“You can’t solve the problems of today by using the same thinking that created them” Einstein
As I started to go through the healing process I realized that there were roots to the feelings of loneliness and that feeling of being alone. I felt let down in a world where I didn’t fit in and didn’t belong and believed I wasn’t worthy of the love that I craved. I believed that I had brought on my own problems that I created the life of depression that I lived in and believed that if I could just figure out what was wrong with me then everything would be okay. I believed this stuff because it had been communicated to me through the actions of other people.
I started to realize that some of the things that had happened to me left me believing that I was somehow lacking and that I was somehow undeserving of the love that other people deserved. As I progressed farther into my emotional healing journey, I realized that my own parents had contributed to those beliefs and were still contributing to them well into my adult life. I was a disappointment to my parents and nothing I did was ever “good enough” and as I grew older I was beginning to comprehend that nothing I ever accomplished was EVER going to be “good enough”.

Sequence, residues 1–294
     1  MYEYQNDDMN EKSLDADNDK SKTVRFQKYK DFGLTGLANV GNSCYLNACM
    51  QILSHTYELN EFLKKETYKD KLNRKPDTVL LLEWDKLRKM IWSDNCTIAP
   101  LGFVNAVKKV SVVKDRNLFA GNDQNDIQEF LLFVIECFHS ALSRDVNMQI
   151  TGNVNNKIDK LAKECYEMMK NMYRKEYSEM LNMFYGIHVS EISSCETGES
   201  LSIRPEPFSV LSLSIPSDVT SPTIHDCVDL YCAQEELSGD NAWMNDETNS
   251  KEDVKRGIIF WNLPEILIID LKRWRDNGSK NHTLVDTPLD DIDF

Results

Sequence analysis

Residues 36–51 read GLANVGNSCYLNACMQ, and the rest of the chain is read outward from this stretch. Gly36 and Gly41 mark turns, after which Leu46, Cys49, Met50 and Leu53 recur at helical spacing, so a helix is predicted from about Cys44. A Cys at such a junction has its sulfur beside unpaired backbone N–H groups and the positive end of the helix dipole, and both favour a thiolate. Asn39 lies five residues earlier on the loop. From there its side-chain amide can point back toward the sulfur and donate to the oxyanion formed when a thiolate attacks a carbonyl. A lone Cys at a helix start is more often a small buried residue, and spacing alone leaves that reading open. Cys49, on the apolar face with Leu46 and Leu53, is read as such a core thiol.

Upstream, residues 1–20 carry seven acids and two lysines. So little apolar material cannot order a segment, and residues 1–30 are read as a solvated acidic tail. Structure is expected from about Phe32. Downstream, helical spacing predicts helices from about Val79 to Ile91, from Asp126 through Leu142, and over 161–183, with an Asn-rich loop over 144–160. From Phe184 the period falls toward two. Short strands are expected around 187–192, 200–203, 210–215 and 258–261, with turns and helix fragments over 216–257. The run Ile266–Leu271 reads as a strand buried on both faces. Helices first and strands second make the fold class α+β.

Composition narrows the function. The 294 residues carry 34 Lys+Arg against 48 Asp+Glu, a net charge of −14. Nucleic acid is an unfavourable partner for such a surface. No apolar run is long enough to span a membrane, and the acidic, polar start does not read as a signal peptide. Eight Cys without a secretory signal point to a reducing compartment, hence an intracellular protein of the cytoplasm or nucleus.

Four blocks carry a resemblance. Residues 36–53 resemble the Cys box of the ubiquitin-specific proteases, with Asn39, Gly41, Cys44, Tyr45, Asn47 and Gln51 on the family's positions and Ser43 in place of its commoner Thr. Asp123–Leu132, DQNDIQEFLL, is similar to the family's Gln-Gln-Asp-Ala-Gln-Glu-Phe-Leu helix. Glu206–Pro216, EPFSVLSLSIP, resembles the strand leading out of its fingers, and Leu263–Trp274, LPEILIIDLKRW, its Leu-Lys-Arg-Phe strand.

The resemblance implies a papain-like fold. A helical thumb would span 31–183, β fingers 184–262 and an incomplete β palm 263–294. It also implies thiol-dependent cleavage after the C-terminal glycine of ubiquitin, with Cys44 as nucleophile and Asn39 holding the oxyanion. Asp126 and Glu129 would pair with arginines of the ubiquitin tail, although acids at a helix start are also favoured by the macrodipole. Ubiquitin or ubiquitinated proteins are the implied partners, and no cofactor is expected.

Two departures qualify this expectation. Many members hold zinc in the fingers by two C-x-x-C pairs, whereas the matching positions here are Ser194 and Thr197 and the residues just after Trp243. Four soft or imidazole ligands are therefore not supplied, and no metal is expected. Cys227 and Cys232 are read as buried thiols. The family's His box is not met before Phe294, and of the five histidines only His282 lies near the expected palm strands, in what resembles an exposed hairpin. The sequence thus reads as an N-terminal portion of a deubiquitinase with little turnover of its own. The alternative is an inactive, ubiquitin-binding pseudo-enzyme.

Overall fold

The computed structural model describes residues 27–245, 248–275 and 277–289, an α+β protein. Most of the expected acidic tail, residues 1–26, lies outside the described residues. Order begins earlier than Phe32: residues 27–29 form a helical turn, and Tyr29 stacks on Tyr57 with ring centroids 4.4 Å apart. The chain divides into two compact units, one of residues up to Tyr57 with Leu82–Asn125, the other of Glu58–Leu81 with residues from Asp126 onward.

When I first started this website I never intended to talk about my parents as part of where the problem began. I thought I could just keep it about the belief system development resulting from trauma and I could just sort of keep my parents out of it.
As my confidence grew, I started to write about some specific incidents with my mother and father that caused some of the false beliefs about myself to take root in my belief system. And when I started to get really specific about the part that my parents played in the breakdown of my self-esteem, I started noticing changes in the traffic numbers and statistics here in Emerging from Broken.